More information

Country note - Greece

Country note - Greece Education at a Glance 2011 OECD Indicators DOI: http://dx.doi.org/10.1787/eag-2011-en OECD 2011 Under embargo until 13 September at 11:00 Paris time Country note - Greece Questions can be directed to:

More information

July 2015. Figure 1. 1 The index is set to 100 in 2000. House prices are deflated by country CPIs in most cases.

July 2015. Figure 1. 1 The index is set to 100 in 2000. House prices are deflated by country CPIs in most cases. July 2015 Globally, house prices continue a slow recovery. The Global House Price Index, an equally weighted average of real house prices in nearly 60 countries, inched up slowly during the past two years

More information

PISA 2009 Results: What Students Know and Can Do

PISA 2009 Results: What Students Know and Can Do PISA 2009 Results: What Students Know and Can Do Student Performance in Reading, Mathematics and Science (Volume I) This work is published on the responsibility of the Secretary-General of the OECD. The

More information

GfK PURCHASING POWER INTERNATIONAL

GfK PURCHASING POWER INTERNATIONAL GfK PURCHASING POWER INTERNATIONAL 1 Agenda 1. Europe 3 2. Americas 45 3. Asia & Near East 54 4. Afrika 66 5. Australia 68 6. Overview of countries and available levels 70 2 2 EUROPE 4 GfK

More information

Under embargo until 11 September, at 11:00 am Paris time

Under embargo until 11 September, at 11:00 am Paris time COUNTRY NOTE Education at a Glance: OECD Indicators 2012 UNITED STATES Under embargo until 11 September, at 11:00 am Paris time Questions can be directed to: Andreas Schleicher, Advisor to the Secretary-General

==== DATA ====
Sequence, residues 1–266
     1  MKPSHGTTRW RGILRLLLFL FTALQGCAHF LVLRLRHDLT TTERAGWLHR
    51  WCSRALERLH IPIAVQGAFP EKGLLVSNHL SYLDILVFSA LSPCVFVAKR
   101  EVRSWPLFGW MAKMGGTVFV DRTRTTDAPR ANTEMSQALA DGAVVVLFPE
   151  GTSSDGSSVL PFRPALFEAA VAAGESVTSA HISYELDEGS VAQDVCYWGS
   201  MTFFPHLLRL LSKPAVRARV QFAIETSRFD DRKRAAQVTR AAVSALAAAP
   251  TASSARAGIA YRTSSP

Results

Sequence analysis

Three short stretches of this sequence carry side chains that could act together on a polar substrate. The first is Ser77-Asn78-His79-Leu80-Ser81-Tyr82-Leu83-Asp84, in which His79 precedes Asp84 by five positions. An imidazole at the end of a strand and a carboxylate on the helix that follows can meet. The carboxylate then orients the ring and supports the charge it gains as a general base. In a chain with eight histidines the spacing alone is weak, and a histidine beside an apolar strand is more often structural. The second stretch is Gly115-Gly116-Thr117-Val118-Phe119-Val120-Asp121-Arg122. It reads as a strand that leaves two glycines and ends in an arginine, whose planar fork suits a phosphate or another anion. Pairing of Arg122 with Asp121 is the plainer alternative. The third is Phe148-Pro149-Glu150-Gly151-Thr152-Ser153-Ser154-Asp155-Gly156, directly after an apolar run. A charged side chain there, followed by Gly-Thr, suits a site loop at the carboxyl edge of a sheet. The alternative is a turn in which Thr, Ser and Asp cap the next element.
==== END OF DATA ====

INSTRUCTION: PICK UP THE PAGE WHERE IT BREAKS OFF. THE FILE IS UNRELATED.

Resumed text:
More information

The Helsinki Communiqué

The Helsinki Communiqué The Helsinki Communiqué on Enhanced European Cooperation in Vocational Education and Training Communiqué of the European Ministers of Vocational Education and Training 1, the European Social partners 2

More information

While a large proportion of adults in the United States have universitylevel

While a large proportion of adults in the United States have universitylevel Education at a Glance: OECD Indicators is the authoritative source for accurate and relevant information on the state of education around the world. It provides data on the structure, finances, and performance

More information

Rethinking School. Restoring U.S. Competitiveness. HBR.ORG March 2012. reprint R1203E

Rethinking School. Restoring U.S. Competitiveness. HBR.ORG March 2012. reprint R1203E HBR.ORG March 2012 reprint R1203E Restoring U.S. Competitiveness Rethinking School need to learn vastly more, much more quickly. New approaches prove they can. by Stacey Childress workforce Photograph